Malaysia Ruling Coalition Split Over Whether to Call Snap Polls
(Bloomberg) -- Tensions are rising in the largest party in Malaysia’s ruling coalition over whether a general election should be held amid the nation’s worsening coronavirus epidemic.
Now at least two ministers have pushed back against calls from UMNO president Ahmad Zahid Hamidi to hold a general election as soon as possible. Science, Technology and Innovation Minister Khairy Jamaluddin said holding a vote during an outbreak was irresponsible.
“I know among those asking for an immediate election are people from my own party,” Khairy wrote on Twitter on Wednesday, referring to UMNO. “Don’t be selfish.”
The intra-party rivalry came to a head this week when Zahid stripped a pro-government cabinet minister of his party position. The UMNO minister in question, Annuar Musa, said Wednesday he was against any attempts to bring down the government.
“I wasn’t comfortable with the repeated talks of dissolving parliament,” said Annuar in a televised press conference. “We shouldn’t be talking about an election when the people are so worried about Covid-19.”
A general election should only be held after the coronavirus situation improves and is under control, Muhyiddin’s Bersatu party said in a statement late Wednesday. Bersatu’s main agenda for now is to focus all efforts toward managing the pandemic and reviving the economy, it said.
Snap polls could significantly worsen Malaysia’s virus woes. The country is struggling to contain a new wave that was fueled by a September state election held in one of its few Covid-19 hotspots. The nation reported a record 2,593 in new coronavirus cases on Wednesday, according to the health ministry, and is mulling targeted lockdowns to stem the spread.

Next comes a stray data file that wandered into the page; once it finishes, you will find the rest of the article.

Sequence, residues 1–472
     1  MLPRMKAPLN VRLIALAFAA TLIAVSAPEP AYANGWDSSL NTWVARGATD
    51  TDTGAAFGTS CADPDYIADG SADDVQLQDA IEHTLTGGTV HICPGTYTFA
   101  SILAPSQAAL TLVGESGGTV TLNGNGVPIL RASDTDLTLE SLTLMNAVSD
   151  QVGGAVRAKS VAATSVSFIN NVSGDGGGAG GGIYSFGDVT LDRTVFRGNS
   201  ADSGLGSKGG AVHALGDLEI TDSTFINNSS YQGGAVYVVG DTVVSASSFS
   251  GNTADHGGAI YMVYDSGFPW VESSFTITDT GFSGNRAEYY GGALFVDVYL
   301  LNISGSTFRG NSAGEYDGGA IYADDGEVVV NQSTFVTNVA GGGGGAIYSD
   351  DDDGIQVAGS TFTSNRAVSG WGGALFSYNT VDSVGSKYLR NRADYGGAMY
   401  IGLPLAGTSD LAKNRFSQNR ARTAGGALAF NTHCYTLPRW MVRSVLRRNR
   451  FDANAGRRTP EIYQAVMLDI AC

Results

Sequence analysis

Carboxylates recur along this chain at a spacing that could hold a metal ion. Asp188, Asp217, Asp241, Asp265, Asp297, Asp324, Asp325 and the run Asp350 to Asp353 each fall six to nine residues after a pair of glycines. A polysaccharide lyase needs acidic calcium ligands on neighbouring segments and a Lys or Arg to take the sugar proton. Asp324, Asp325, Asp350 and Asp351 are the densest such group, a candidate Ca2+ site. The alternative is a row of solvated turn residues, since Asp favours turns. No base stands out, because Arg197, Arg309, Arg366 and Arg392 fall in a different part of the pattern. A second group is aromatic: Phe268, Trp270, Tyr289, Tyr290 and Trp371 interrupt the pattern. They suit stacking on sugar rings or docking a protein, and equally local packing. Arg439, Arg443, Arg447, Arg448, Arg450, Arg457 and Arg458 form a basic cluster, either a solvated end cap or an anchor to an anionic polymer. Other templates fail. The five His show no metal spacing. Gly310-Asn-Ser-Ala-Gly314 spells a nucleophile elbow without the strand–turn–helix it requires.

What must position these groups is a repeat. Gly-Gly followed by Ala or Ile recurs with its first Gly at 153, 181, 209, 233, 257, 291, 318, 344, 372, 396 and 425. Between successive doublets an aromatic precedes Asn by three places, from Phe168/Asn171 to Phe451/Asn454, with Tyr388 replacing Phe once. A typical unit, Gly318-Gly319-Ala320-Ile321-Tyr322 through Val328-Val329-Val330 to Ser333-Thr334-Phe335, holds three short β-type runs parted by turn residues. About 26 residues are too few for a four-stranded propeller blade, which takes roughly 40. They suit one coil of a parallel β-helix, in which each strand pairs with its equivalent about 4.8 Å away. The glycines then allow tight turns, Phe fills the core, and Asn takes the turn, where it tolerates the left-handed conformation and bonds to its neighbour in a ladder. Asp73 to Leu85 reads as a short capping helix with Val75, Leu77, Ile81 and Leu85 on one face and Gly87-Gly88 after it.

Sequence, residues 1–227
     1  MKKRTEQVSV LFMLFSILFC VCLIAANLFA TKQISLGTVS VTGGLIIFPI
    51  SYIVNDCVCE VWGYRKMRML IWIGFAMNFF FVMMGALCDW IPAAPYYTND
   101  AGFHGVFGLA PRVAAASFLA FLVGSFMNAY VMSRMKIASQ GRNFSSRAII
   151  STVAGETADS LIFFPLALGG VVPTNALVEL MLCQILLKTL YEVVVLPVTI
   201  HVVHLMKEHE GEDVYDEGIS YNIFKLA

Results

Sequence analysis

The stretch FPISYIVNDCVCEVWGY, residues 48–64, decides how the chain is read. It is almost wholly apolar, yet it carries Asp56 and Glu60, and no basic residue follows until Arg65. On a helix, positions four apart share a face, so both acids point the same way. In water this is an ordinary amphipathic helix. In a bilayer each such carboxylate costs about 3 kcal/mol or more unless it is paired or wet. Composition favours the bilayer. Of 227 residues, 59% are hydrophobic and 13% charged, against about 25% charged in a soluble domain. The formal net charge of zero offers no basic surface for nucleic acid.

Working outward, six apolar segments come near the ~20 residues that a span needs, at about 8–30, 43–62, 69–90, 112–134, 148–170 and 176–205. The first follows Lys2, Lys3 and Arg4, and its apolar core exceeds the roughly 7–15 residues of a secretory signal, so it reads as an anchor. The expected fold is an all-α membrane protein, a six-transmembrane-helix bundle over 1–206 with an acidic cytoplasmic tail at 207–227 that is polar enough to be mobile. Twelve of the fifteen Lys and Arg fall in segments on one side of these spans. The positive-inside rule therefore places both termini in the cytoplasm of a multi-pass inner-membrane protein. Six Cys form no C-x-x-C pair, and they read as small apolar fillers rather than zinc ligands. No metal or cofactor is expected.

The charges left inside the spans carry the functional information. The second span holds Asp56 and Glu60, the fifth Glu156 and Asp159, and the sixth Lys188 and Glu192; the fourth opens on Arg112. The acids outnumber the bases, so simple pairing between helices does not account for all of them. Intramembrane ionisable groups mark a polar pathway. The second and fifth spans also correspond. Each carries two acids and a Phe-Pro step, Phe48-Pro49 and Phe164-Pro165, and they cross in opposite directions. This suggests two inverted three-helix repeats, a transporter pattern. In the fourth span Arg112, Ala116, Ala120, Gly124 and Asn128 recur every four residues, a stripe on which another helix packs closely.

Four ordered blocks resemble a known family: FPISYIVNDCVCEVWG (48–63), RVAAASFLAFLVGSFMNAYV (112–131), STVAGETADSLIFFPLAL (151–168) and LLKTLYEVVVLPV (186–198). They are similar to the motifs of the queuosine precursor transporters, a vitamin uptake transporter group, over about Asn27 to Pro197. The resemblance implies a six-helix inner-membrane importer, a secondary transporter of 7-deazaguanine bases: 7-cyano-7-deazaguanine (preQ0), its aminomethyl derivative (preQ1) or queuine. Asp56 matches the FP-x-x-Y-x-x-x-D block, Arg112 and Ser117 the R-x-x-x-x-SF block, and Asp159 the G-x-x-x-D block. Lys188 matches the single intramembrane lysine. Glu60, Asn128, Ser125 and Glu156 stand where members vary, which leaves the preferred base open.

Malaysia went through political upheaval last year as various factions jockeyed for power after former Prime Minister Mahathir Mohamad abruptly stepped down in February. Muhyiddin emerged as the head of an unwieldy bloc with a majority of only a few lawmakers, prompting repeated concerns about the strength and durability of the government.
The prime minister survived his latest leadership test last month when his budget won the approval of lawmakers in the parliament. A spokesman for the prime minister did not immediately respond to a request for comment.
At a meeting among UMNO’s top leaders on Wednesday night, the party agreed that it would decide on Jan. 31 whether to push the government to hold a general election before the end of the first quarter of this year. The party would also make a decision on cutting ties with Bersatu for the next polls, according to a statement by the party.
Before the meeting, Foreign Affairs Ministers Minister Hishammuddin Hussein had advised the party to choose its next step carefully.
“If the party decides that all UMNO ministers must resign, I will obey and resign,” said Hishammuddin in a blog post on Wednesday. “If the party decides not to continue working with Bersatu, it must decide who UMNO will work with in the next election.”
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